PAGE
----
Conversely, tropes are tropes for a reason — don’t hesitate to embrace it if your story is putting a new spin on a familiar picture.

Fictional characters give you the freedom to lie and exaggerate. You can make them whatever you’d never allow yourself to say or be.

It should work unless you’ve got a mind of a child molester. That might turn out somewhat disturbing.

Or highly entertaining, depending on your audience.

I mean, it’s what Lolita is about at its core…

Feel free to think about the worst, the bravest, the cheesiest, the ugliest, the most secret or the most terrifying idea that has ever entered your mind. Make your character say it.

Drafting

Imagine your character is female.

Let’s have a look at who she is by answering all these questions as if you were filling out a template:

What is she good at? What is she so-so at? What is she bad at? What makes her tired? What is the most important thing in her life? Who are the most important people in her life? How much sleep does she need? What stresses her out? What relaxes her? What’s her definition of success? What type of worker is she? How does she want others to see her? What makes her sad? What makes her happy? What makes her angry? What type of person does she want to be? What type of friend does she want to be? What does she think about herself? What things does she value in life? What makes her afraid?

Then see what happens.

Remember, figuring out what you want in life is probably a never-ending process, shaped a lot by our opportunities and expectations. It keeps on changing.

Your heroes need not have a strong overarching goal in mind. It just makes for good reading — unless you’re James Joyce.

Maybe figuring out some of these questions is what your story is about.

Just remember. Without conflict, there is no drama. Without drama, there is no theater…. even if it’s just wanting something badly and having difficulties getting it.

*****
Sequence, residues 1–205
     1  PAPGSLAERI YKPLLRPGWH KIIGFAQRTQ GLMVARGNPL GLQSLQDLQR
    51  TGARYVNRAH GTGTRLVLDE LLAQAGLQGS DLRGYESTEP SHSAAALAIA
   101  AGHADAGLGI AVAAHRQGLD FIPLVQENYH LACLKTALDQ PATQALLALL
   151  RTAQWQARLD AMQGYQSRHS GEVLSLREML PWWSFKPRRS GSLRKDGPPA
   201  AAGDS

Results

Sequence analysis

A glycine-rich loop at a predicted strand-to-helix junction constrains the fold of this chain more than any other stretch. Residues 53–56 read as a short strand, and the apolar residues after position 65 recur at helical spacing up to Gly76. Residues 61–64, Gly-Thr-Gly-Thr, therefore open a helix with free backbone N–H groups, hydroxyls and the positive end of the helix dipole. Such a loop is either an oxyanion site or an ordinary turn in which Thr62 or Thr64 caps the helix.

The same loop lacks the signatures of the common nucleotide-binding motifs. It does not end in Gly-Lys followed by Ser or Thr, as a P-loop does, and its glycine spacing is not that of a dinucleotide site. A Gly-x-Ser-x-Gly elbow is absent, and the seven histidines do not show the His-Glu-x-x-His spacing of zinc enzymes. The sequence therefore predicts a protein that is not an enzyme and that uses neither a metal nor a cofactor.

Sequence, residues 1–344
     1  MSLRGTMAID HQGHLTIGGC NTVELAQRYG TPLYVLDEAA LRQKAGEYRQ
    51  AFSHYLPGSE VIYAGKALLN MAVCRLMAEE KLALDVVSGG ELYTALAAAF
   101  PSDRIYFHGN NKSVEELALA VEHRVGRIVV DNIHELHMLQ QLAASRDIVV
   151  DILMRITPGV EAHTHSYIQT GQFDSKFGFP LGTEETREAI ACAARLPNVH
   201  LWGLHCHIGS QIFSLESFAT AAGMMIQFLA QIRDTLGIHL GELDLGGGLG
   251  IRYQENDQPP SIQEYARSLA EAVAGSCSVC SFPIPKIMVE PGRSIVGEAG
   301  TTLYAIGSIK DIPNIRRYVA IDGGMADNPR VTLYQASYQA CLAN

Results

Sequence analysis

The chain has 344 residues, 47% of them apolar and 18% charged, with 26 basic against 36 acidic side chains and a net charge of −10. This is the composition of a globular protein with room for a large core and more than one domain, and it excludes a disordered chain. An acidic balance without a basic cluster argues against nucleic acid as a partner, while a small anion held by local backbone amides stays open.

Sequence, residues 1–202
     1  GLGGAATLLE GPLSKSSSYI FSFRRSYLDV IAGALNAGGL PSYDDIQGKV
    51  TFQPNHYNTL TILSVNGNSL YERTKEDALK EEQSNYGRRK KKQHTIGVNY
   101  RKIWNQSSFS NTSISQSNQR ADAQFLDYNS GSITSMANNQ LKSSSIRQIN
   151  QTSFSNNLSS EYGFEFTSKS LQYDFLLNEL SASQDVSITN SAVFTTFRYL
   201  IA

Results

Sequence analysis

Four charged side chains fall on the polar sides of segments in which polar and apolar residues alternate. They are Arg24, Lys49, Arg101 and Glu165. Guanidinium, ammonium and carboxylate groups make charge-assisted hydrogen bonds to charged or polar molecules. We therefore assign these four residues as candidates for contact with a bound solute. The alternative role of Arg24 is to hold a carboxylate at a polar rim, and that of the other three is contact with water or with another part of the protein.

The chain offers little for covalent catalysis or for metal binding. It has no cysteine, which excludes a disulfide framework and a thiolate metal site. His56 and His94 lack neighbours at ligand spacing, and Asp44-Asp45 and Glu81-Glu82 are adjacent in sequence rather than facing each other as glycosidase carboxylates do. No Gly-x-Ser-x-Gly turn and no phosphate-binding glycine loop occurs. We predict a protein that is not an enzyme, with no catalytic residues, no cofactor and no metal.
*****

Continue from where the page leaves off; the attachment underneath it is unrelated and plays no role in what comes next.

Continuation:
Haruki Murakami says he enjoys when his ideas pop up and go with the flow when he writes, otherwise it would be no fun writing if he already knew how it was going to end.

This is called dynamic writing. It’s great for making natural dialogue and believable protagonists. On the con side, you might struggle to finish a story. At all.

Without a clear end in mind, you risk droning on and on and on… Unless you have one in mind when you start, a convincing plot twist or an impactful message can be hard to come by.

If you’re trying this, but the magic just won’t happen, you end up with dozens of snippets without a beginning or an end.

Instead, try to build a backbone first and then flesh it out instead. This is called architectural writing — and where filling the gaps with foresight can make for excellent arcs and lovely ideas with foreshadowing abound.

On the flip side, architects have this tendency for cardboard cutout characters that are there just to fill a role or Star Wars prequels levels of dialogue. It just doesn’t.

Feel.

Natural at all

you. Know?

It’s still fun, trust me. Plotting out the structure and coming up with clever ways to make it happen is grand. I am sure you will keep improvising and changing things around.

Maybe start with the character building. We will keep posting more of these to help you get there.

Now, pick up a pen and write. Answer those questions and bring your stellar character to life.